Predictably a generically distinct personality is assigned to each girl. Now, “generically distinct” may sound like an oxymoron, but let me elaborate. The girls’ personalities are all distinct from one another, but they all conform to their own generic archetype that can be readily identified within about 20 seconds of their introduction. There’s the Moronically-Childish Girl (aka Green Haired Girl), the Shy Girl (aka one-half of the Purple-Haired Twins), the Tsundere Girl (aka the other half of the Purple-Haired Twins) etc etc. Again, I’m surprised to see the roster missing a Ditzy Girl – maybe the writers deliberately missed one out in order to prevent the whole thing from becoming even more painfully transparent. It also soon becomes obvious that, though all the girls show interest in the protagonist, for the purpose of this playthrough-, er, I mean, storyline, the player- I mean, protagonist, has targeted Generically Sweet Girl (aka Brown Haired Girl) to woo.
Though I guess “Clannad” is technically not quite a harem since the show contains another guy besides the main character, it may as well be one. The other guy in question qualifies as a guy only on technicalities. In practice, he more closely resembles some sub-human creature roughly on the level of a worm and is suitably treated like one too. Most of the girls treat him with disdain, and none of them is interested in him in the slightest. To be fair, the main character himself isn’t quite your average harem lead, and for this reason, I have decided to give him the courtesy of actually using his name for the purpose of this review: he’s called Okazaki Tomoya. What makes Tomoya different from a typical harem lead is that although he’s a bit of a good for nothing, he at least possesses more charisma and confidence than the typical loser-but-nice stereotypical lead that’s recycled through most harems, and so you can at least kind of get why he’s able to attract a harem, especially when standing next to the worm-like-lowlife he’s always hanging around with.
Other than the insane amount of moe, “Clannad” distinguishes itself by the insane amount of heavy-handed manipulation of emotions. The show has more of it than “Saikano”, and that is saying something. I bristle at the sight of the slice-of-life tag attached to the show because it completely sacrifices any sort of realism associated with that genre in favour of trying to force more emotions out of the viewer with unbelievably melodramatic storylines. The “tragic” stories from the various characters’ pasts feel so contrived that at times it seems like a competition to see which one can be more ridiculous. It’s a competition won by Blue Haired Girl’s backstory involving a teddy bear. The punchline to the story proved so “moving” it had everyone at my anime society showing bursting into tears. Tears of laughter that is.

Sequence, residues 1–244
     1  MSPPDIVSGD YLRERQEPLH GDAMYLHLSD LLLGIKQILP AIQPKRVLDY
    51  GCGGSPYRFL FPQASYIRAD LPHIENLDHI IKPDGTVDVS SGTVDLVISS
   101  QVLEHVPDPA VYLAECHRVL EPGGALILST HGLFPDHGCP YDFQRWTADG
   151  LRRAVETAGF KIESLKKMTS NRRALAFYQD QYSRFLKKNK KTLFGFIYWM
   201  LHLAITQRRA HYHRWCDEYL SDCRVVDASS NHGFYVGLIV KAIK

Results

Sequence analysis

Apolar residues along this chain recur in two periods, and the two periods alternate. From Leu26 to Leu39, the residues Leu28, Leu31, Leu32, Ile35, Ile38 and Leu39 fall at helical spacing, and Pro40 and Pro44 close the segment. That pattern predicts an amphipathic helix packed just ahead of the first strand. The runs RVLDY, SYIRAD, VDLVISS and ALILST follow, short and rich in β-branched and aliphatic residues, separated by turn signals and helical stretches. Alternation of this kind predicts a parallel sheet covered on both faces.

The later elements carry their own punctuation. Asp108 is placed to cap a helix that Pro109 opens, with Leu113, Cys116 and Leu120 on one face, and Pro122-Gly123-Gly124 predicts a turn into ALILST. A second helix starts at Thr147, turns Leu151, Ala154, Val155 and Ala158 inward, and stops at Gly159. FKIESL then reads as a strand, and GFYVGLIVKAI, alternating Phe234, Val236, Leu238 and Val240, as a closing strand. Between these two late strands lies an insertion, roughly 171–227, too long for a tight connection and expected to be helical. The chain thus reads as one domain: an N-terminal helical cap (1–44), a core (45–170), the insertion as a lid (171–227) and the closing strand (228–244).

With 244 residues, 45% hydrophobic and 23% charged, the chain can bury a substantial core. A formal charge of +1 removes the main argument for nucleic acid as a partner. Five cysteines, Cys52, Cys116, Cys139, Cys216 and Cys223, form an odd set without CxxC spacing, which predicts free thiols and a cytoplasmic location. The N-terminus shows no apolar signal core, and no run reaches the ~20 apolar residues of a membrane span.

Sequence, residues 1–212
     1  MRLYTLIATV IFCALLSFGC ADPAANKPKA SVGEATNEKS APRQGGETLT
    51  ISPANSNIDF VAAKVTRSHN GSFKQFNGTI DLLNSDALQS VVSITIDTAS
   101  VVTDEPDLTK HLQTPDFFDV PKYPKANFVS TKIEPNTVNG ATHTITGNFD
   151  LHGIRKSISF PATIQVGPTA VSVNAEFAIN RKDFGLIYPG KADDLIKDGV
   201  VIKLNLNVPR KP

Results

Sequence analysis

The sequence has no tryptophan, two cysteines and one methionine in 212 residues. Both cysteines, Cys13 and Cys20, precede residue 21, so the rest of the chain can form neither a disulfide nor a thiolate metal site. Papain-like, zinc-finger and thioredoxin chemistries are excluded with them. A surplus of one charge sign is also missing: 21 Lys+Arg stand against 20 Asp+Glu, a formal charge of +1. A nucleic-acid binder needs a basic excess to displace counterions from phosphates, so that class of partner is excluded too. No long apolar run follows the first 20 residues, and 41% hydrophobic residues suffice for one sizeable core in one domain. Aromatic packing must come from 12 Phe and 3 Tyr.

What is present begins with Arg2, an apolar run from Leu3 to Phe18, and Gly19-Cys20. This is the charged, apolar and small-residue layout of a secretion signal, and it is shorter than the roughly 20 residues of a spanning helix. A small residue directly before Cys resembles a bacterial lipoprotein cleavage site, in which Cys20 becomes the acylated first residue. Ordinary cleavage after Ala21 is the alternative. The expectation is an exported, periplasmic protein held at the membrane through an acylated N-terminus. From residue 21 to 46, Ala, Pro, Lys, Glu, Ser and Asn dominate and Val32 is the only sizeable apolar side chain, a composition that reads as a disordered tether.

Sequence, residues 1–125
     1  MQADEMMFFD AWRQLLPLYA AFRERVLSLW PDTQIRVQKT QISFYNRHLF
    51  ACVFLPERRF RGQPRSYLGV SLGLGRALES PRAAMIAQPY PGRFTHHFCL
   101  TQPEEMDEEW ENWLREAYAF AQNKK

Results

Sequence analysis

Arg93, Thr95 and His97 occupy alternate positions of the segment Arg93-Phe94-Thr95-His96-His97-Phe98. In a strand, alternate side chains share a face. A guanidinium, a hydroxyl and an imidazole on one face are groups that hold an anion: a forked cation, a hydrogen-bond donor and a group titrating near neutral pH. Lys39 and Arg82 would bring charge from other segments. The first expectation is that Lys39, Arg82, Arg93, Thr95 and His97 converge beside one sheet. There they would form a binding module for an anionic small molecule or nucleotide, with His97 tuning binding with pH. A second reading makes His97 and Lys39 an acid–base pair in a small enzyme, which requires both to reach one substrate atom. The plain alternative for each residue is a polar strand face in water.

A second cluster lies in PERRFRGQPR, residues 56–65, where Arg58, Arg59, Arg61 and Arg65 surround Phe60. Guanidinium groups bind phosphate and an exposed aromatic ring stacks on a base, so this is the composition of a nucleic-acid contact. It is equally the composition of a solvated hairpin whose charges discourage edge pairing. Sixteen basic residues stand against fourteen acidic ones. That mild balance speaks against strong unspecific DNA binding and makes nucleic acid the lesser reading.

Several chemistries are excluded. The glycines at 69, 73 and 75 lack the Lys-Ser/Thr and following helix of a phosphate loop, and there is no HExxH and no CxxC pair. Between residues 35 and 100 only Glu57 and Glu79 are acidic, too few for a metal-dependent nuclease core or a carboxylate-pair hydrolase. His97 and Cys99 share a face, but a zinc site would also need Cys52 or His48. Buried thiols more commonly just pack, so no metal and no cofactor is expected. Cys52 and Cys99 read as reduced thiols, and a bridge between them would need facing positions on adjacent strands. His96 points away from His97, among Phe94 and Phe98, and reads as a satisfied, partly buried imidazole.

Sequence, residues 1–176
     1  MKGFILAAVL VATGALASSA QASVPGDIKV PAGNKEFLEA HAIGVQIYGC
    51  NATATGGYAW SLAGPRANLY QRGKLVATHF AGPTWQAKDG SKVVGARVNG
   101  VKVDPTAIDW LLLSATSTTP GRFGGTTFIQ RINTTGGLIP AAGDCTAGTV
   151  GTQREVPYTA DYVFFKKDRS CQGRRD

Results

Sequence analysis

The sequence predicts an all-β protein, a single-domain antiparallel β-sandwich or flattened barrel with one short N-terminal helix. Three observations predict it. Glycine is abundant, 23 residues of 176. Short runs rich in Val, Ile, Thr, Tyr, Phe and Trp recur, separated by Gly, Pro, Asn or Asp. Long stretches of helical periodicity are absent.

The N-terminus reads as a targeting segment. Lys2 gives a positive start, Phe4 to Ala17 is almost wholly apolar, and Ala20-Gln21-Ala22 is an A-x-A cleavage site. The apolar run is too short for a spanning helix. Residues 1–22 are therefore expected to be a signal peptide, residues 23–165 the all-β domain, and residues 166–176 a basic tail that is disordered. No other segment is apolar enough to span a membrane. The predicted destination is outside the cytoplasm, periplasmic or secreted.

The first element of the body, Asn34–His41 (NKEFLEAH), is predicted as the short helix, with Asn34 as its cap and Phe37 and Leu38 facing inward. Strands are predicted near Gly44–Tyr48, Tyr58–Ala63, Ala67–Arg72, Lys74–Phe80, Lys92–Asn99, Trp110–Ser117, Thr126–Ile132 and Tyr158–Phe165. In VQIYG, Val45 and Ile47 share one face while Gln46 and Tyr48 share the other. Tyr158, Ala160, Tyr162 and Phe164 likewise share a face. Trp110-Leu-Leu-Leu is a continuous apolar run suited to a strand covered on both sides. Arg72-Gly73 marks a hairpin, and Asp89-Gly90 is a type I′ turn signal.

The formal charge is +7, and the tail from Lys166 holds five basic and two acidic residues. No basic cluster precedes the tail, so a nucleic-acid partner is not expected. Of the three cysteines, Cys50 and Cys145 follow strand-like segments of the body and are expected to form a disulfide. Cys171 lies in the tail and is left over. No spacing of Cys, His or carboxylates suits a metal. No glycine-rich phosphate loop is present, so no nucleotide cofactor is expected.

Moreover, most of the girls – Blue Haired girl being a prime example – disappears into the background as soon as their part of the story is over. The shift in focus from one girl to the next is so swift and ruthless that I found it rather off-putting. What’s the point of spending an arc fleshing out these characters if they’re shelved as soon as their arc is over? Given the source material, I can guess why: the anime probably pulled together storylines from multiple playthroughs focusing on different characters, but couldn’t assemble them into a single, coherent storyline. Brown Haired Girl stands out as the only girl who’s a constant presence throughout, and that’s only because she’s the girl destined to hook up with Tomoya (but don’t worry, if you don’t like the Tomoyo x Brown Haired Girl pairing, Kyoto Animation has rather helpfully made several special episodes which are in essence alternative playthroughs where Tomoya picks someone else).
Just one of the tragic character situations did not come off as overly melodramatic – the one involving Tomoya’s relationship with his dad. However, that one felt like a tacked-on side story that was jarringly integrated into the show. The side story comes into focus randomly with little apparent purpose, and in addition, feels out of place when placed alongside the cheesily cheerful parts. It’s almost as though when given a piece of material with genuine potential, the makers of “Clannad” didn’t quite know what to do with it.
In the end, I’m grateful I watched “Clannad” with others at my anime society, because watching the whole thing by myself would have been an ordeal more harrowing than any of the forced drama the show could conjure up. During the weeks when I couldn’t attend the society showings and had to catch up on the show by myself, it literally took me two or three sittings to grind through each episode because I couldn’t stomach more than a few minutes of “Clannad” at a time. And no wonder – with its sickeningly sweet stench of moe, ludicrously contrived stories and an array of cardboard template cut-outs masquerading as female characters, just what is there to like for someone who’s not into moe or extremely sappy melodrama?
Personal rating: -2.0 (terribad)